KARACHI: Tobacco use presents a serious health challenge and has emerged as an epidemic in the last decade. It kills nearly six million people each year, of which 100,000 deaths occur in Pakistan. Of the six million deaths, more than 600,000 are victims of passive smoking.
Health experts say an estimated 40 per cent of males and nine per cent of females in Pakistan are smokers and that the number is increasing with each passing day.
At a seminar organised on Tuesday by the Pakistan Chest Society, National Alliance for Tobacco Control (NATC) and the Aga Khan University (AKU), NATC chairperson and AKU consultant chest physician Prof Javaid Khan said that tobacco products such as cigarettes, water-pipe tobacco and other tobacco are being smuggled from across borders.
“The fact that this trade is more prominent in low- and middle-income countries, such as Pakistan, rather than in high-income countries places many of this region’s countries at risk. These products are untaxed and unregulated, carry no health warnings, and meet no packing or labelling requirements,” he said.
Dr Ali Bin Sarwar Zubairi, consultant chest physician and AKU pulmonology section head, said that the only way any country can substantially reduce smoking and other uses of tobacco within its borders is to establish a well-funded and sustained tobacco prevention programme that employs a variety of effective approaches. He said alternative tobacco products, such as e-cigarettes, could potentially cause serious health problems because of the chemicals and toxins they contain. He demanded a ban on tobacco advertising and sponsorship in Pakistan.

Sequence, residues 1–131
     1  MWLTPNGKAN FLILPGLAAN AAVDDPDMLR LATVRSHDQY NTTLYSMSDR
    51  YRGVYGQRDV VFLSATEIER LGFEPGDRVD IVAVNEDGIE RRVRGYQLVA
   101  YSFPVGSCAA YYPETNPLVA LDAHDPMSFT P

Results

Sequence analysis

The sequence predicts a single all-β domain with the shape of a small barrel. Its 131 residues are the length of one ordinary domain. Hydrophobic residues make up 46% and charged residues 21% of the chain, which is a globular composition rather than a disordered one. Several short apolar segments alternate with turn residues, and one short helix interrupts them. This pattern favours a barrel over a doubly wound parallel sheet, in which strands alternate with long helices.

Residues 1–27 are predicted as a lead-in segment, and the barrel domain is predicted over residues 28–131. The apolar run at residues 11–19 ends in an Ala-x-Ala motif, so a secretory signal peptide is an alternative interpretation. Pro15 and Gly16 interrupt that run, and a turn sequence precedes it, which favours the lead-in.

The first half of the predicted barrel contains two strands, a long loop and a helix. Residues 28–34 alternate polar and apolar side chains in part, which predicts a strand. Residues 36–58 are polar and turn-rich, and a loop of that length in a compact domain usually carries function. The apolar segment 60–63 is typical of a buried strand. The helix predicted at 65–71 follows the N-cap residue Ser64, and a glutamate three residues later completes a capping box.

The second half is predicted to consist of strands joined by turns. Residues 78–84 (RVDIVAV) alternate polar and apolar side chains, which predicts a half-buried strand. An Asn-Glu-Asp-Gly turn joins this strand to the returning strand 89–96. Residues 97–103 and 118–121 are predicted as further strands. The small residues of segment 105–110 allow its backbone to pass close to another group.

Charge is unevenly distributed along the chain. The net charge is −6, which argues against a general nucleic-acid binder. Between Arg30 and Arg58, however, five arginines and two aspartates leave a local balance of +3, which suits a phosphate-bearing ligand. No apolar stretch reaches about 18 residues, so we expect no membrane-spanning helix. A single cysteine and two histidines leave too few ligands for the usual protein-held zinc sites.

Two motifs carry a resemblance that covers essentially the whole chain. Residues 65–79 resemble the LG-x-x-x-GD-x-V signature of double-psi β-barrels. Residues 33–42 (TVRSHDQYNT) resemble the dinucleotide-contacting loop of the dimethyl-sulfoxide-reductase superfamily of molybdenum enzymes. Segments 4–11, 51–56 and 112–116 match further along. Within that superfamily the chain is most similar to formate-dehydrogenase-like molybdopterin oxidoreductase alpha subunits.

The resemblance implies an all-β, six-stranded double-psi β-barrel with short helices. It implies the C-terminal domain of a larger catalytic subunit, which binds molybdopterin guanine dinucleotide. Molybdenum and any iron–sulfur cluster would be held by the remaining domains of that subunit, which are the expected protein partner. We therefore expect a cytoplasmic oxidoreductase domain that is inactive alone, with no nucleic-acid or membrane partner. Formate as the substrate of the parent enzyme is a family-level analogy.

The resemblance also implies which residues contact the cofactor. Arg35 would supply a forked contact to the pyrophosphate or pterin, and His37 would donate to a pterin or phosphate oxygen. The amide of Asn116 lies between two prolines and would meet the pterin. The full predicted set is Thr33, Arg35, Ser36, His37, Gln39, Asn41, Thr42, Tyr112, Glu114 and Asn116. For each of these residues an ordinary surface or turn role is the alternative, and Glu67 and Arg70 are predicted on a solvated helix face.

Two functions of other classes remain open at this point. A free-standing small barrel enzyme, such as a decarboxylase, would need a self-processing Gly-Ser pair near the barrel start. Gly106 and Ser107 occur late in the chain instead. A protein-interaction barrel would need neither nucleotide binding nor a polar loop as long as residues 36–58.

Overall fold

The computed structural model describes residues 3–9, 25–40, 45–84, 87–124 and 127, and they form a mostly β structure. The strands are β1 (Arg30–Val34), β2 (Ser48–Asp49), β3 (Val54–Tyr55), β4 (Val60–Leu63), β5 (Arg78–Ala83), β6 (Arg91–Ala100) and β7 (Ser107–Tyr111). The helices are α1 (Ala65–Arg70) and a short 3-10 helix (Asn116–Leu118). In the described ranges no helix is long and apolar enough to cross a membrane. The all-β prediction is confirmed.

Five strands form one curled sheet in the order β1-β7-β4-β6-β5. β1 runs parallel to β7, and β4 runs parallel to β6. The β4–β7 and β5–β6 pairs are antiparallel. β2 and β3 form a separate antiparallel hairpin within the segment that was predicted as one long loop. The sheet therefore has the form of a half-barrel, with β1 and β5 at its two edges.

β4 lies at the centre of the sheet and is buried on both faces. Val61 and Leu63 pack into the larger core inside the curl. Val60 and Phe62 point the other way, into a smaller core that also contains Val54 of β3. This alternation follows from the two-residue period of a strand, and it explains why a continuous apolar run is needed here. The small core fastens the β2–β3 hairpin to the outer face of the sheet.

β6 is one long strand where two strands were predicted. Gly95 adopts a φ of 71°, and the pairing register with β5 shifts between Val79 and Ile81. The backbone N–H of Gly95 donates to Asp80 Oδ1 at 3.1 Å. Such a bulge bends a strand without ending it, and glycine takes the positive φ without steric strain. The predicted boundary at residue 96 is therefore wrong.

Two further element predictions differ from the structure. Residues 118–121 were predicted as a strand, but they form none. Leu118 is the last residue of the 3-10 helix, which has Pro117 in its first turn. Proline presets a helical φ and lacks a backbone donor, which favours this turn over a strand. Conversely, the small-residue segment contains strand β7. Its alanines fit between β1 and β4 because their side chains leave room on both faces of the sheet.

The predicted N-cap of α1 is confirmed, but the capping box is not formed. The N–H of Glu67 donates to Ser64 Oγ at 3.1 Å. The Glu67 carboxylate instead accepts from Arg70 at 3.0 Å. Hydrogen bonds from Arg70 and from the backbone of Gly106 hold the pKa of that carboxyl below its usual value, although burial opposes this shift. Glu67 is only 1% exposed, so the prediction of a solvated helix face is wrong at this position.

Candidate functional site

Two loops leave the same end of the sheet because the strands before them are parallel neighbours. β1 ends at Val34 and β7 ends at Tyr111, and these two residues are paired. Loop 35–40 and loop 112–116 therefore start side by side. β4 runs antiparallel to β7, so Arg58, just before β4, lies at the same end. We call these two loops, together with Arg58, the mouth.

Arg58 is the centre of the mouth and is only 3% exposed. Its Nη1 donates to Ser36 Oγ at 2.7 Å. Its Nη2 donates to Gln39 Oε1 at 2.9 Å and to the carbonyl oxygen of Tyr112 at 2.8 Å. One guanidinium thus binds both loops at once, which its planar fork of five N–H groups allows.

Dr Talha Shahzad, AKU consultant chest physician, said that approximately 50 per cent of smokers die prematurely — 14 years earlier than non-smokers. “Smoking is arguably the most important preventable risk factor for cardiovascular disease, according to the American Heart Association,” he quoted. Dr Shahzad said that doctors should not only set a good example by not smoking themselves but also make their clinics, health centres and hospitals smoke-free.
Prof Khan said tobacco companies were exerting pressure on the government to withdraw its decision of increasing the size of pictorial health warnings on cigarette packs. He said the government’s revenue of Rs75 million generated from the tobacco industry is negated by the Rs100 billion in public funds spent on treating smoking-related diseases every year.
He pointed out that the pictorial health warnings have proven successful in preventing young people from picking up a habit that kills 100,000 in Pakistan annually.
Published in The Express Tribune, May 27th, 2015.